National Security Council

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National Security Council

The National Security Council (NSC) is the U.S. president's principal forum for considering national security and foreign policy matters; the council consists of senior national security advisors and cabinet officials. Since its inception under President harry truman, the function of the NSC has been to advise and assist the president on national security and foreign policies. The council also serves as the president's principal arm for coordinating these policies among various government agencies.

The NSC was established by the National Security Act of 1947, as amended (50 U.S.C.A. § 402), and was placed in the Executive Office of the President by Reorganization Plan No. 4 of 1949 (5 U.S.C.A. app.). The NSC was designed to provide the president with a foreign-policy instrument independent of the State Department. The NSC is chaired by the president. Its statutory members, in addition to the president, include the vice president and the secretaries of state and defense. The chair of the Joint Chiefs of Staff is the statutory military advisor to the council, and the director of the Central Intelligence Agency is the statutory intelligence advisor. The secretary of the treasury, the U.S. representative to the United Nations, the assistant to the president for national security affairs, the assistant to the president for economic policy, and the chief of staff to the president are invited to all meetings. The attorney general and the director of the Office of National Drug Control Policy attend meetings pertaining to their jurisdiction. Other officials are invited, as appropriate.

The NSC began as a small office supporting the president, but its staff has grown over the years. It is headed by the assistant to the president for national security affairs, who is also referred to as the national security advisor. The NSC staff performs a variety of activities for the president and the national security advisor. The staff participates in presidential briefings, assists the president in responding to congressional inquiries, and prepares public remarks. The NSC staff serves as an initial point of contact for departments and agencies that want to bring a national security issue to the president's attention. The staff also participates in interagency working groups organized to assess policy issues in coordinated fashion.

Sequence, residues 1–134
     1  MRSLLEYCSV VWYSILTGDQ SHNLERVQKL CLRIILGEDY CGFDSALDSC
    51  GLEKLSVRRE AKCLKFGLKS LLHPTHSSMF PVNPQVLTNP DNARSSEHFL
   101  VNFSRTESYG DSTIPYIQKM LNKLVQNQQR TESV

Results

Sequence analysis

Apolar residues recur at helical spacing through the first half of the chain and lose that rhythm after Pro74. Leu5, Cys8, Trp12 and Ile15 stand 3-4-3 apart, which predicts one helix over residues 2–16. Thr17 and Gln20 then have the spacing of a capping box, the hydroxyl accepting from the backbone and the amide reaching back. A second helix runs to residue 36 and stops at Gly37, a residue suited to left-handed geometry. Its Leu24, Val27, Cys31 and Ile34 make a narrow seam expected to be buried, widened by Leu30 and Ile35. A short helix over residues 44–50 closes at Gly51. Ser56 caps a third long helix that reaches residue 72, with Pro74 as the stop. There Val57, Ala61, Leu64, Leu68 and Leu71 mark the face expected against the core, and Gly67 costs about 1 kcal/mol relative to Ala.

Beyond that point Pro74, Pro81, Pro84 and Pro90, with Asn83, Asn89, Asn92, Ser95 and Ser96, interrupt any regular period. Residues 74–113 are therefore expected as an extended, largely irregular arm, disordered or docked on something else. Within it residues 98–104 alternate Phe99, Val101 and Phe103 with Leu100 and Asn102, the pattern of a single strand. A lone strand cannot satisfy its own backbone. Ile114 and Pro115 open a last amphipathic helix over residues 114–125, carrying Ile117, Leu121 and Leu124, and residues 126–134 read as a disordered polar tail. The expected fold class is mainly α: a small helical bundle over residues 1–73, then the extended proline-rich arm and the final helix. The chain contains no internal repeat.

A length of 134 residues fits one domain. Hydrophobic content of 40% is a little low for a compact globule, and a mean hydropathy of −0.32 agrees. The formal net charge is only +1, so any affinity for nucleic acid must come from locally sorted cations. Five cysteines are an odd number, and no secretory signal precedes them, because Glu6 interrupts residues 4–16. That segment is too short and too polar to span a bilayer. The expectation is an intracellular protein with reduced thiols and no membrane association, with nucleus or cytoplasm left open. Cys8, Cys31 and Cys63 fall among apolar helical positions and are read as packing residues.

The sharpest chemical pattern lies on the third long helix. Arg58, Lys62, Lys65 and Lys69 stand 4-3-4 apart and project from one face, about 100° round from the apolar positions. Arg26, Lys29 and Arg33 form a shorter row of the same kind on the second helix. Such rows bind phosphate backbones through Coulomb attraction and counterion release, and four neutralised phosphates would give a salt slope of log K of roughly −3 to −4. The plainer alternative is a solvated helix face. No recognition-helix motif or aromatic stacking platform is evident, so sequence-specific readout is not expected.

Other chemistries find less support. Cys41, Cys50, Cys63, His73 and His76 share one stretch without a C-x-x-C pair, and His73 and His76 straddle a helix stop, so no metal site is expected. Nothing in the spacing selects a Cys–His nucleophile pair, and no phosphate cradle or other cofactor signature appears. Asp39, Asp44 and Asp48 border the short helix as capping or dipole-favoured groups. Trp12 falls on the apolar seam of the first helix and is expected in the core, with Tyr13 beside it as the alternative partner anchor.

The issues concerning national security are wide ranging. Foreign and military relations with other countries have generally taken center stage, but international Terrorism, narcotics control, and world economic issues have been brought before the NSC. In most administrations, the national security advisor has played a key role in formulating foreign policy. For example, as national security advisor during the Nixon administration, henry kissinger was the de facto Secretary of State, developing policy on the Vietnam War, the opening of relations with communist China, and negotiating with Israel and the Arab nations for a peaceful solution to problems in the Middle East.

The image of the NSC was tarnished in the 1980s during the Reagan administration. Two successive national security advisors, Robert C. McFarlane and Rear Admiral John M. Poindexter, and NSC staffer Lieutenant Colonel Oliver L. North participated in the Iran-Contra Affair. They violated a congressional ban on U.S. military aid to the Nicaraguan anticommunist Contra rebels by providing the rebels with funds obtained by the secret sale of military weapons to Iran.

Under the administration of President george h.w. bush in the early 1990s, the NSC was reorganized to include a Principals Committee, Deputies Committee, and eight Policy Coordinating Committees. Under President bill clinton, NSC membership was expanded to include the secretary of the Treasury, the U.S representative to the United Nations, and the assistant to the president for Economic Policy as well as the president's chief of staff and his national security advisor. In 2001 President george w. bush appointed Dr. Condoleezza Rice to be his national security advisor. She was the first woman appointed to that position. The NSC has been involved in American foreign policy decisions that have ranged from sending troops to Panama in 1989 and to Iraq in 1991 and 2003, as well as dealing with such issues as international trafficking in illegal drugs, U.N. peacekeeping missions, strategic arms control policy, and global environmental affairs.

Further readings

National Security Council at the White House. Available online at <> (accessed July 30, 2003).

U.S. Government Manual Website. Available online at <> (accessed November 10, 2003).


Executive Branch; Presidential Powers; State Department.

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